“Attainment in these key subjects is crucial for young people, whether they choose a vocational pathway, such as an apprenticeship, or remain in further or higher education,”​ said Radley.

Critical subjects

“Therefore, the government must immediately re-focus its efforts towards driving up the quality of teaching and ensure that more students achieve good grades in critical subjects such as English, maths and the sciences.”

Jon Poole, chief executive of the Institute of Food Science & Technology (IFST), welcomed the general continuing improvement in science A-level results. There was still a pressing need to grow the pipeline of potential new graduates to enter the food sector from both science and engineering backgrounds, he said.

“Some students may opt for food science and technology-related university or college courses but we know that this won’t be enough to satisfy the sector’s needs,”​ said Poole. “This means the food sector competing with other sectors to attract the brightest of those studying more general science and engineering degree subjects courses to encourage them consider careers in technical roles within the food chain as their preferred career option.”​ 

Employers in the food sector can of course also attract A-level students directly, he added. This may prove an attractive option for many students who wish to avoid student loans and receive structured training while working.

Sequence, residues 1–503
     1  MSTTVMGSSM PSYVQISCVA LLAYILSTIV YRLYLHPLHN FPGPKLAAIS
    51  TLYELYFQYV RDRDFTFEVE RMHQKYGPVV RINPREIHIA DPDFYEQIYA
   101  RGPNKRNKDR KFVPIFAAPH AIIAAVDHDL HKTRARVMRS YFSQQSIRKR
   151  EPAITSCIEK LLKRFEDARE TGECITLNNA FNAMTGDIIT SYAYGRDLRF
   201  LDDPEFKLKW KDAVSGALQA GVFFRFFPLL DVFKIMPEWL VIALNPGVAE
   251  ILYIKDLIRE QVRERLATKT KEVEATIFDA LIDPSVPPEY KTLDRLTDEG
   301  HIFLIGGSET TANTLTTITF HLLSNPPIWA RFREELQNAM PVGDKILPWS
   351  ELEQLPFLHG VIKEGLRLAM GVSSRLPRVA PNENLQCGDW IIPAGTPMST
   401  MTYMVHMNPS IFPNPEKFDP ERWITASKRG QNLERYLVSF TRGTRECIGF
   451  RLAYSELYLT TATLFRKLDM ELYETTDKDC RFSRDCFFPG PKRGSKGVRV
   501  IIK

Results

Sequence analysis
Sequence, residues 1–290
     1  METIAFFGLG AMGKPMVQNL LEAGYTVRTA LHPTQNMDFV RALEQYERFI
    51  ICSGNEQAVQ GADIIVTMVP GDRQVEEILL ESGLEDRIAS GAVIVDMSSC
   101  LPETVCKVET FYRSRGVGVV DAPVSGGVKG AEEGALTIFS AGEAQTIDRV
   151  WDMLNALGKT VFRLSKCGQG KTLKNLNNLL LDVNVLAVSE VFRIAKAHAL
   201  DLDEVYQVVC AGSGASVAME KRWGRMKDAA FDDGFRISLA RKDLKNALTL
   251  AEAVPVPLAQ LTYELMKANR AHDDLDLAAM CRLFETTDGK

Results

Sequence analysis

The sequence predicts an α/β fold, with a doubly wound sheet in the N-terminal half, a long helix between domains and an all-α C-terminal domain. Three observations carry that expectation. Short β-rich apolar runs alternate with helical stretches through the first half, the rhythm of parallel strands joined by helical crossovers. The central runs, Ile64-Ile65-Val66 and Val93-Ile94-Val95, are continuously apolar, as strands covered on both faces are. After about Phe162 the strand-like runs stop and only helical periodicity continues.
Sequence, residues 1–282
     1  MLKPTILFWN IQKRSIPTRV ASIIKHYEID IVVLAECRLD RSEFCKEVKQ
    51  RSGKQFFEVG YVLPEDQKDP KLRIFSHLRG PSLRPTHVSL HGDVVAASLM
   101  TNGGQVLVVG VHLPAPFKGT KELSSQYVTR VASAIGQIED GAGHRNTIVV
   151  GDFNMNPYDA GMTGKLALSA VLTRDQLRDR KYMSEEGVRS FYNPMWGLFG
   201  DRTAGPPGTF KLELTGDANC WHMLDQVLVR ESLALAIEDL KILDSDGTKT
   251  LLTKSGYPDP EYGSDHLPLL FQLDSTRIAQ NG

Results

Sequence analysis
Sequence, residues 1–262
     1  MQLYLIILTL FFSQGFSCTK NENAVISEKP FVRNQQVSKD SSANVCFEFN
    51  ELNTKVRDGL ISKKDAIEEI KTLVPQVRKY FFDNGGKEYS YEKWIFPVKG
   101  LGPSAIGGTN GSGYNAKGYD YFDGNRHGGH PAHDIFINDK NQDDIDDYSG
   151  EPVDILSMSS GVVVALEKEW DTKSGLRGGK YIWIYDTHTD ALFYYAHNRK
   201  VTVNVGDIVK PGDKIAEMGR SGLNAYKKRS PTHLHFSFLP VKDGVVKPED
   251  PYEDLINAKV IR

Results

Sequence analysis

“The sector is starting to look more coherent in its approach to attracting young talent with some excellent programmes and initiatives being developed​,” said Poole. “But there is a lot more we can do, for example, by better highlighting the career options and paths that can be followed. We also need to highlight the levels of professional recognition they can achieve, which demonstrate an individual's growth in the sector and so provide a recognised framework for development.”

Earlier this month the IFST said food and drink manufacturers should boost the number, quality and range of work experience placements​ for students.

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There's more to teaching that just the teacher

Posted by Alan,

"more needs to be done to improve the quality of teaching...."

Education is a partnership of teacher, government and parent. I'm afraid if you want standards to improve any further you'll need to look at the other stakeholders, because there's little more for the teacher to give.

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Food and Drink Industry Leaders worry about exam results

Posted by Robert Voss,

As a school governor I, too, share concerns about falling grades, in particular the falling proportion of students achieving the top grades. However, like all things statistical, the devil is in the detail! This year has seen the highest number of year 10 children taking GCSEs one year early, effectively using them as mock exams. If these pupils are excluded from the statistics, you will find that grades have held up well for year 11 students.